Rockland City Council will take up a proposed moratorium on medical marijuana facilities in the city at its next meeting, on Monday, August 13.

Mayor Valli Geiger is sponsoring the measure out of concerns that city zoning regulations on medical marijuana production facilities are too lax and allow for too many of the businesses on Main Street. At an agenda-setting meeting on Monday, Geiger said that four medical marijuana businesses have taken out applications from the code enforcement office and “most of them” appear to be retail stores “trying to get in ahead of recreational marijuana regulations.”

The proposed ordinance states that an increase in medical marijuana facilities in the downtown area “raises a number of concerns related to public safety and welfare,” such as “potential adverse effects on neighborhoods, security of the facilities, and odors that may create a public nuisance or hazard.”

“I just thought we’re in uncharted territory here and most of these people are assuming they will turn [the businesses] into a recreational bar or storefront,” said Geiger.

State law allows for just eight geographically dispersed medical marijuana dispensaries, which can grow and sell an unlimited amount of cannabis for certified patients. But since there are already eight dispensaries in the state, only medical marijuana caregivers, who can only grow up to 30 flowering plants for five patients, can operate in Rockland at the moment.

Earlier this year, the state passed a law that legalizes the retail sale of adult-use marijuana, which also bans marijuana bars, but the state hasn’t adopted the licensing rules yet so it will be a while before any recreational pot stores can legally operate. The law also requires municipalities to pass an ordinance allowing adult-use marijuana stores, which Rockland has not passed. A recent law change also requires that towns first vote to allow medical pot stores, but that law won’t take effect 90 days after the Legislature adjourns. Currently, the Legislature is still in a special session.

Last December, Rockland City Council passed an ordinance allowing medical marijuana production facilities to operate in the city. Under the amendment, medical marijuana caregivers may apply for permits from the planning board to establish cannabis cultivation, processing and storage facilities in various commercial zones, including on Main Street. The zoning change prohibits pot production facilities from being located within 500 feet of a school and, to avoid concentration, within 250 feet of each other.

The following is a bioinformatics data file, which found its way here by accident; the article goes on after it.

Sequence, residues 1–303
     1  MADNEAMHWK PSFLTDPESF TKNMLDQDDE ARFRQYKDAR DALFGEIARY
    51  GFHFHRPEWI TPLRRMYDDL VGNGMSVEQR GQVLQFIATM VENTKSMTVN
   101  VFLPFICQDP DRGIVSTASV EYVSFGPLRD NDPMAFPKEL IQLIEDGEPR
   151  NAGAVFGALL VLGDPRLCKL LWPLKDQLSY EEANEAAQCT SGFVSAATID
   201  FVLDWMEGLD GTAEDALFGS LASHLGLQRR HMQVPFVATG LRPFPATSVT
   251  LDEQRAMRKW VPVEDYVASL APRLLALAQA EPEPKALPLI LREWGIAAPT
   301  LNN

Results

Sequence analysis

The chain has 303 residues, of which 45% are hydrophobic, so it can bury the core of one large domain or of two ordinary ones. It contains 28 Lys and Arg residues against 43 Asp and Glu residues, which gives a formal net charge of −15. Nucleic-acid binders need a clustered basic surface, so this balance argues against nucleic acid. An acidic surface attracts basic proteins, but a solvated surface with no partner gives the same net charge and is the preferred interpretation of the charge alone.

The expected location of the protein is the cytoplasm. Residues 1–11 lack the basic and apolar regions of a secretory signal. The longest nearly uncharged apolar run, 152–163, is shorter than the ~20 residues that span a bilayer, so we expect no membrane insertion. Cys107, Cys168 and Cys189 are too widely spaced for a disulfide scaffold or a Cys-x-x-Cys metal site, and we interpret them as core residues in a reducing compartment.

However, language in the licensing ordinance and zoning — which states that the production facilities can be used for “for cultivation, processing, storage, and/or distribution” of medical marijuana — has led to some confusion about whether production facilities can operate like retail medicinal pot stores. Councilor Amelia Magjik, who sponsored that ordinance, says that it was not her intention to allow the licensing of medical marijuana stores.

Currently medical caregiver Nick Westervelt of Lincolnville has received planning board approval to run a medical cannabis production facility in the former First Baptist Church at 500 Main Street, but he is still awaiting a license to operate from the city. Caregiver Mark Crockett is also proposed to put a medicinal marijuana establishment at 266 Main Street, where Hill’s Seafood is located.

Mary Costigan, the city’s attorney, said a moratorium on medical pot facilities would not only prevent stores from applying for licenses before the law requiring the city to opt in to allow them takes effect, but it would also give the city council time to clarify whether it wants to allow marijuana production facilities to operate like retail stores.

Crockett urged the city to clarify the regulations, but he argued that caregivers in Rockland are currently operating in residential neighborhoods and allowing them to sell in commercial zones will divert the traffic flow and allow the retailers to be better regulated. He added that he can make a living just selling to his patients and doesn’t need to sell recreational marijuana to survive.

“The ordinance said you wanted it on Main Street, you zoned for it on Main Street and now you’re saying you don’t want it on Main Street,” he said.

Councilor Ed Glaser, who voted against the medical cannabis production facility ordinance last December, questioned how a medicinal marijuana retail store is somehow worse than a production facility and shouldn’t be downtown.

“It seems like if we’re going to be in favor of marijuana that’s exactly what we want downtown,” he said.